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366 Urgan Species: The Walking Dead


Photo by potentialtoburn
366 Urgan Species: The Walking Dead
Homo moribundus


As you undoubtedly have noticed by now, the recently dead have come back to life, and are feeding on the living. Why this should be so is still a matter for some speculation: perhaps there is an extraterrestrial cause such as debris from a nearby comet, or maybe something escaped from one of the germ warfare labs at Boston University. We may even have to open to the possibility that there simply is no more room in Hell. Whatever the cause, these fascinating creatures are worthy of our attention. Groaning and uttering guttural moans without any respiration is itself quite noteworthy. Despite all digestive processes having stopped, they still have a taste for the brains, meat, and innards of living humans. And these amazing animals reproduce not through courtship, mating, or even parthenogenesis, but through the act of killing. Zombieism can therefore be seen to be a kind of virus.

Though they appear to be slavering automatons, zombies seem to have dim memories of where they went when they walked among the living. This means that the streets, the shopping malls, and even your favorite pub are riddled with the things, though those of us who like city parks have it pretty easy. There are mostly the zombie dog walkers, who helplessly stagger about as their canines playfully tug on their intestines and eat their hands and feet. The city parks also have old Asian zombies (easily dispatched) and the animated corpses of drunks and junkies, which can hardly be distinguished from their pre-Z-day appearance and behavior. Best observed from a distance, we must learn to appreciate our newest additions to urban fauna, for it seems that they are here to stay.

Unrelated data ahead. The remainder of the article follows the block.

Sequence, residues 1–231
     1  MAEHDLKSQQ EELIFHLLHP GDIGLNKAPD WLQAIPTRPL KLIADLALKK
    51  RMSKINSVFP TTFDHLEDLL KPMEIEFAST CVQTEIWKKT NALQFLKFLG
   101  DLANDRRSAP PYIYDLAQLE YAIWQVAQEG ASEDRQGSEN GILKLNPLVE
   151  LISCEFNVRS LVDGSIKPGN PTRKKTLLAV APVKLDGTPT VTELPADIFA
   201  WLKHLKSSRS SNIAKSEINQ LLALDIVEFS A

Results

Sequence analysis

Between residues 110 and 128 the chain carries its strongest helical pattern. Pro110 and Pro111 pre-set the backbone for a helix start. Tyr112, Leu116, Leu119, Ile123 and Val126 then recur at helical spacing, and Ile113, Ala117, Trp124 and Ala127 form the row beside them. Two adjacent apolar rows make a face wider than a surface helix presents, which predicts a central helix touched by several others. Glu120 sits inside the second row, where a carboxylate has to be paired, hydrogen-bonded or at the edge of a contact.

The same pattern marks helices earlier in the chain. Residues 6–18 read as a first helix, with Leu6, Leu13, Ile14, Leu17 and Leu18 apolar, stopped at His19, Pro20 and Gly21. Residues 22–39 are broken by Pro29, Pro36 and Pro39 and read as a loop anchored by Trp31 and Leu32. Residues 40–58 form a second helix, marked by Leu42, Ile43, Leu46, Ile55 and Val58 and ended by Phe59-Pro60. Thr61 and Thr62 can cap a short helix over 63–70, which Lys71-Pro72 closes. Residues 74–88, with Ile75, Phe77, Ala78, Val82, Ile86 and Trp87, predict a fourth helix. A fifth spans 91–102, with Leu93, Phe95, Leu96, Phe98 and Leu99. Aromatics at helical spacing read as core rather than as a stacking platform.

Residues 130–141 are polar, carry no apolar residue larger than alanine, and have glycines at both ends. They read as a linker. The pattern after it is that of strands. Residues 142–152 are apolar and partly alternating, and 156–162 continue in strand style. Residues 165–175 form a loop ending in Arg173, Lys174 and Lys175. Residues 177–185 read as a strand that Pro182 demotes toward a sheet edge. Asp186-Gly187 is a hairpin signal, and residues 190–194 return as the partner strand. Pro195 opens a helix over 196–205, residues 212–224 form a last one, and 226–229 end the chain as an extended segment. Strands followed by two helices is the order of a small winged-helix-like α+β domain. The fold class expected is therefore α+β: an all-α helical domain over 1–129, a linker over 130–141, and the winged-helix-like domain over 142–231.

366 Urgan species. #366: Killer Kale


Photo by urbpan. Location: Hartford (aka "Connecticut's laughable excuse for a city.)

Urgan species #366: Carnivorous cabbage Brassica sciurivora

This ugly and hateful plant was unwisely planted in cities across America, and naturally, Australia, but not in Canada, they're too smart (and cold). It is an "ornamental" planted to control squirrels in city parks. Check around plantings for small bones and compressed pellets of squirrel fur and pigeon feathers. Don't get too close, as this plants rasping leaves can bloody your hands, and there was that one unfortunate incident where a carnivorous cabbage killed a small child in New Zealand. It is thought that the presence of this predator explains why no rats were photographed for the 365 project.


Note the absence of other living things in proximity to this cabbage pack. (Technically called a "murder.") Arborvitae, pictured in the center, is not a living thing, but a colony of prions, resistant to the predations of the killer kale.

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